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I'm struggling to understand one part from the book "Cracking the coding interview". The author states inserting an element in a dynamic array is $O(1)$ most of the time, except when the array is full and we have to reallocate.

Inserting $X$ elements take $O(2X)$ (because $\frac{X}{1} + \frac{X}{2} + \frac{x}{4} + \ldots + 1 \approx 2 X$)

I perfectly understand until this point but I don't understand second sentence:

"Therefore, $X$ insertions take $O(2X)$ time. The amortized time for each insertion is $O(1)$."

How did she came to this conclusion?

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You should read more precisely the definition of amortized analysis. As we have $X$ operations here, the time complexity of these operations should be divided by the number of operations to find the amortized complexity of the algorithm. Hence, $\frac{O(2X)}{X}$ is the amortized complexity of the insertion algorithm which is $O(1)$.

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  • $\begingroup$ I don't think this answer is misleading. Why $\frac{𝑂(2𝑋)}{𝑋} = O(1)$? Does it come from your intuition? Please see my answer for a real mathematical proof of why is it true $\endgroup$
    – Hugh
    Jun 12 '20 at 19:57
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    $\begingroup$ @Hugues Yes. Base on the definition of the asymptotic notations, the proof is straightforward. There is no extra point there. $\endgroup$
    – OmG
    Jun 12 '20 at 22:13
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From this post on Mathematics stackexchange :

$\Theta(g)$ is set of functions $\left\lbrace f: \exists c_f,C_f>0, \ \exists N,\ n>N, c_fg \leqslant f \leqslant C_f g\right\rbrace$. We consider only non negative functions.

There are some properties outgoing from definition: $$f \cdot \Theta(g)=\Theta(g \cdot f)$$ $$\Theta(f) + \Theta(g)=\Theta(g + f)$$ And for $g>0$ holds $\frac{\Theta(f)}{g} = \Theta \left(\frac{f}{g}\right)$

It's straightforward to demonstrate those three properties. Please let me know if you want me to add them to this answer.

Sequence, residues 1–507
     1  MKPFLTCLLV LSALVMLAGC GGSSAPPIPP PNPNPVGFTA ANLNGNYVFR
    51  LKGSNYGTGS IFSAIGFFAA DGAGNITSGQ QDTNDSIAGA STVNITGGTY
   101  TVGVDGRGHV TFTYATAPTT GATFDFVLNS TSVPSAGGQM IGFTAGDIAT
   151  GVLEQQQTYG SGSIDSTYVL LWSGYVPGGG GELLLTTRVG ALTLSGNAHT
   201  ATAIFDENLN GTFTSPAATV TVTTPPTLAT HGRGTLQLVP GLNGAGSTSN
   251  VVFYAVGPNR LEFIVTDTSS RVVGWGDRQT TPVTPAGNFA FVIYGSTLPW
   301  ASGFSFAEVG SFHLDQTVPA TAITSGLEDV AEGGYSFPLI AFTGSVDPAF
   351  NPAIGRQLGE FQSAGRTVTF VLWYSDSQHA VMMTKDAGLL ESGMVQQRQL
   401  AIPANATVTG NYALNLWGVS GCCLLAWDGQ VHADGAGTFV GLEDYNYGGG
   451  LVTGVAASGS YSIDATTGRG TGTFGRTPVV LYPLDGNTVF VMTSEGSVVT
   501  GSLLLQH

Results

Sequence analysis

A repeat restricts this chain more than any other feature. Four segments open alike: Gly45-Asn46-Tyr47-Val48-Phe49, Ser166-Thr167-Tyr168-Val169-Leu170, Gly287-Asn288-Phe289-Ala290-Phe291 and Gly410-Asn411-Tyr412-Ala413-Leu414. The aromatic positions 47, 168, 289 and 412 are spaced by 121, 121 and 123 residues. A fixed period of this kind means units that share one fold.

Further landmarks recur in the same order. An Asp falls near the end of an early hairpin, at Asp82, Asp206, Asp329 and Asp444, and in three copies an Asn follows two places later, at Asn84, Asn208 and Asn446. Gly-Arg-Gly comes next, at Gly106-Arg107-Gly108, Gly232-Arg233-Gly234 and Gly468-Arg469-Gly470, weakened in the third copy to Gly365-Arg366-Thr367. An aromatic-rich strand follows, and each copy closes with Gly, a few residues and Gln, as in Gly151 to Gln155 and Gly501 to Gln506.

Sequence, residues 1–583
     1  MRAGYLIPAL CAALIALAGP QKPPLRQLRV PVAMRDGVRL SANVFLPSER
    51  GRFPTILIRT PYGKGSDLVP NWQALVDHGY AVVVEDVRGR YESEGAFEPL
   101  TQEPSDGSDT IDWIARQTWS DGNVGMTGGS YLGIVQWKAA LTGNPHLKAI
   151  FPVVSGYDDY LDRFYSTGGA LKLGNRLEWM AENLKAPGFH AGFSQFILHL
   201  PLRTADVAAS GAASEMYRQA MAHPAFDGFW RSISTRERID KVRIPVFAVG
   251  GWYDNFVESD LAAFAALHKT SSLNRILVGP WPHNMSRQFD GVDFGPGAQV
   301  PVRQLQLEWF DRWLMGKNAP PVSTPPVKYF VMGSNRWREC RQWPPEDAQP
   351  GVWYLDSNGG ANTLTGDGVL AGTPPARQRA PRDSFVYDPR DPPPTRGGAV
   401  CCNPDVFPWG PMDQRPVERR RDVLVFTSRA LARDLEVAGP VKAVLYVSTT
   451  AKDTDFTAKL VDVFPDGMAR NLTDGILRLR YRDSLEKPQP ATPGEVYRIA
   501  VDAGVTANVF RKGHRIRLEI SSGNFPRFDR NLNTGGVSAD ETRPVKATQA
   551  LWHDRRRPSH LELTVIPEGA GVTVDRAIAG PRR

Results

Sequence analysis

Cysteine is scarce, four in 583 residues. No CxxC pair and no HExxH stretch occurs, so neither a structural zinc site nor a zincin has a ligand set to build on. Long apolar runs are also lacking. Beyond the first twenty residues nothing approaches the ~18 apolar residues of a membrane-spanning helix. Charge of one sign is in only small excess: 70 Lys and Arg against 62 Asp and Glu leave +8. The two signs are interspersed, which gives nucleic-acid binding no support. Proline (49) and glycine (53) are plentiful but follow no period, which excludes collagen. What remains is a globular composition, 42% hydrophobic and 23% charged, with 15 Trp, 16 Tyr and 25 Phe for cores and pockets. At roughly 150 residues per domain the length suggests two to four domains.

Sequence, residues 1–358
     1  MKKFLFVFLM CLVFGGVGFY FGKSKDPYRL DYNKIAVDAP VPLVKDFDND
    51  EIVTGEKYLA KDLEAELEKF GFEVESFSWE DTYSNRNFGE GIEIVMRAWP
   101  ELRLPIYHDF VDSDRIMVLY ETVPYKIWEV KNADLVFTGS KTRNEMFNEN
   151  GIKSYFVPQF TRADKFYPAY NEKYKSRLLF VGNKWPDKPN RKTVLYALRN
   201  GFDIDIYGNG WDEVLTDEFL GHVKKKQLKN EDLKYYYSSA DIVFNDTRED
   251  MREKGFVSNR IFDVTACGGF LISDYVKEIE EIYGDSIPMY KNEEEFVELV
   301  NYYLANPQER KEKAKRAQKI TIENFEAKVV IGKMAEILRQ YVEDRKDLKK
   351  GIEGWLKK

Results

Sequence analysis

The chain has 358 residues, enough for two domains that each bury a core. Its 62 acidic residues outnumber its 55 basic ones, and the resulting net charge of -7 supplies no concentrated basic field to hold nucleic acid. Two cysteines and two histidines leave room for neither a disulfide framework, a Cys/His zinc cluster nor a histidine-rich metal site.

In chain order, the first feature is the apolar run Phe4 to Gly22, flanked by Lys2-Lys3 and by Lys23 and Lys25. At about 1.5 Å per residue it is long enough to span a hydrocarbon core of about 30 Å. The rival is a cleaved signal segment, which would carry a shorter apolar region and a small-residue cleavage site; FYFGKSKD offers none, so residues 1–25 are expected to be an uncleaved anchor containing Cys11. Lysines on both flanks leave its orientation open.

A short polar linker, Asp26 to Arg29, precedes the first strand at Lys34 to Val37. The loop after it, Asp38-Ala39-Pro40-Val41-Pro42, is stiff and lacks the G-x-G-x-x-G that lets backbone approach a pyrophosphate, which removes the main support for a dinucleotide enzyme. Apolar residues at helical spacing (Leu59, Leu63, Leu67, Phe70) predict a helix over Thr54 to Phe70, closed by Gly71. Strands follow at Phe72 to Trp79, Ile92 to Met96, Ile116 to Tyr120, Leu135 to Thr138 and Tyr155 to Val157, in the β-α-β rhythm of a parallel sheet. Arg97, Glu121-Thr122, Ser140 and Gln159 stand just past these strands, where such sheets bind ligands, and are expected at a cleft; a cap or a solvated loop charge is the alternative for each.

Thus we can assume $\frac {O(2X)}{X} = O(\frac {2X}{X}) = O(2) = O(1)$ with $O$ <=> $\Theta$ in the context of computer science:

"In industry (and therefore in interviews), people seem to have merge $Θ$ and $𝑂$ together. Industry's meaning of big $O$ is closer to what academics mean by $\Theta$, in that would be seen as incorrect to describe printing an array as $O(n^2)$. Industry would just say this is $O(n)$. "
- Cracking the Coding Interview

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    $\begingroup$ I have no idea what $O\iff \Theta$ means. $f=O(g)$ is definitely not equivalent to $f=\Theta(g)$. The only meaning I can attribute to this statement is that for practical applications you are usually interested in upper bounds on the complexity, and lower bounds or tight bounds (reflected by $\Theta$) are usually more theory oriented. Still, this is a very bad sentence. $\endgroup$
    – Ariel
    Jun 12 '20 at 21:58
  • $\begingroup$ @Ariel Sorry if it's unclear. From the book I was refering to: "In industry (and therefore in interviews), people seem to have merge $\Theta$ and $O$ together. Industry's meaning of big O is closer to what academics mean by $\Theta$, in that would be seen as incorrect to describe printing an array as $O(n^2). Industry would just say this is O(N). $\endgroup$
    – Hugh
    Jun 12 '20 at 22:27

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